Despite an economic downturn, US petroleum produers that have long-term gas-supply contracts with gas-burning public utilities or gas-export ventures will gain market share. Oil and gas producers that entered the shale play late or with limited drill sites will close down or be bought by more nimble operators with strong balance sheets and a catalog of prospective sites that turn a profit even when oil and gas prices remain low. 

New coal technologies may appeal to some emerging markets, particularly in Asia, where oil and gas are less plentiful. Specialized businesses supplying these technologies to coal operators and users may also profit.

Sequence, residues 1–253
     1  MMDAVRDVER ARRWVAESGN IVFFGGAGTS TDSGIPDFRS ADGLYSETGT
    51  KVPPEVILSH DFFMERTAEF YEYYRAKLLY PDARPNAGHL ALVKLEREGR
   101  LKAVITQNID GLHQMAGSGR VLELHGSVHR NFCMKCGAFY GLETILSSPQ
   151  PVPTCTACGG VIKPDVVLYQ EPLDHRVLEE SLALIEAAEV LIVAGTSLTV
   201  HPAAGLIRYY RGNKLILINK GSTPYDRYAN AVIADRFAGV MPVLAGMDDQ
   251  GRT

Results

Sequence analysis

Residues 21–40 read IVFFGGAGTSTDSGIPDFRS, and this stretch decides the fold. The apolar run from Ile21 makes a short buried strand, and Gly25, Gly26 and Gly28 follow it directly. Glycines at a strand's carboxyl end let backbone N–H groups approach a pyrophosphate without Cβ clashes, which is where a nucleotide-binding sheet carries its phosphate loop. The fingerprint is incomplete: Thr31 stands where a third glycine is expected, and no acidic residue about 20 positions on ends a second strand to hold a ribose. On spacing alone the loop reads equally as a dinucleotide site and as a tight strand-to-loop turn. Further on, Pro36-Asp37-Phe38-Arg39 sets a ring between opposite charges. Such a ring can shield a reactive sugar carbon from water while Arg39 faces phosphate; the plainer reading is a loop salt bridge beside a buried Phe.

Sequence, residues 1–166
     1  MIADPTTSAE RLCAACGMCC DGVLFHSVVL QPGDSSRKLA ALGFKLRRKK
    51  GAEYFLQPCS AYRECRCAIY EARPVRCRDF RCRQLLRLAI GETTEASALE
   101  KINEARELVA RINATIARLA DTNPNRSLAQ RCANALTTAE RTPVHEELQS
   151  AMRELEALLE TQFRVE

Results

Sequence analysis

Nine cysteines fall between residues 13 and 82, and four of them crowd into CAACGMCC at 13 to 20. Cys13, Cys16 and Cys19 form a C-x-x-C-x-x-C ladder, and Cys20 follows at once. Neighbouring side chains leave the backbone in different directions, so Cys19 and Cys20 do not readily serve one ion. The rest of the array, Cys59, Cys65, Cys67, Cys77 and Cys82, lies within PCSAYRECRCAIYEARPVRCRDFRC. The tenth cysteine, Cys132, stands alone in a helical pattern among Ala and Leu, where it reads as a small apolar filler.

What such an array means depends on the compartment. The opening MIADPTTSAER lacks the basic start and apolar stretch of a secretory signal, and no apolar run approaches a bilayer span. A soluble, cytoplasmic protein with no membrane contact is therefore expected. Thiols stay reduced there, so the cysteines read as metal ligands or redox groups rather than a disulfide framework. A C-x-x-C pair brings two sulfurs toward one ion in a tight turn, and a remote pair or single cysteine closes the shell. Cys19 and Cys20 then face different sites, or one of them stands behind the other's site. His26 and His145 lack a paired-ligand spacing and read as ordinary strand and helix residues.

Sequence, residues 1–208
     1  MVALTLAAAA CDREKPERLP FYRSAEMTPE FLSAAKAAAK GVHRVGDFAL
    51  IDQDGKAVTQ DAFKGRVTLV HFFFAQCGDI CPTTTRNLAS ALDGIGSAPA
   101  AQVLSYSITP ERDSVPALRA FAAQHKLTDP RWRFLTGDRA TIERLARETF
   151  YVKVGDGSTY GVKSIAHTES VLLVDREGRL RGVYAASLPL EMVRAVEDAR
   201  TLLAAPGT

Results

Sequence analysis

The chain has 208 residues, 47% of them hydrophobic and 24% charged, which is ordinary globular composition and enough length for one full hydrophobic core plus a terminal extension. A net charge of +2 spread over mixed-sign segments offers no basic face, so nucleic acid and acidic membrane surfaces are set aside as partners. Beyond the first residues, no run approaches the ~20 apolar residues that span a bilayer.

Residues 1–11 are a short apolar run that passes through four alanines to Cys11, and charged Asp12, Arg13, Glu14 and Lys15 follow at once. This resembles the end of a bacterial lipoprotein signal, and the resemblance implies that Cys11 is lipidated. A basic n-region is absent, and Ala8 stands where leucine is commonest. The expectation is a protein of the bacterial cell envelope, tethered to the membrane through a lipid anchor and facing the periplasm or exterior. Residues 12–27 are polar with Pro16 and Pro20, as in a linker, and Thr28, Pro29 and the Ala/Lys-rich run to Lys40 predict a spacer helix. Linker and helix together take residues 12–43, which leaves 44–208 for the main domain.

Nuclear energy is a long game. New fuels or reactor technologies will do little to move large manufacturers’ or utility companies’ bottom line. Look for long-term opportunities in small, research-oriented companies such as NuScale or the Denver-based Gen4 and smaller manufacturers that win contracts to build new reactors.

In solar and wind energy, new financing mechanisms are evolving, especially for large projects. Look for those with experienced management and proven technologies. With the market for renewable energy on a long-term upward trend line, small companies with promising technological innovation will be rapidly recognized and bought or licensed.  


Hydrogen: Watch and wait. For the foreseeable future, it will remain territory for scientists and speculators.

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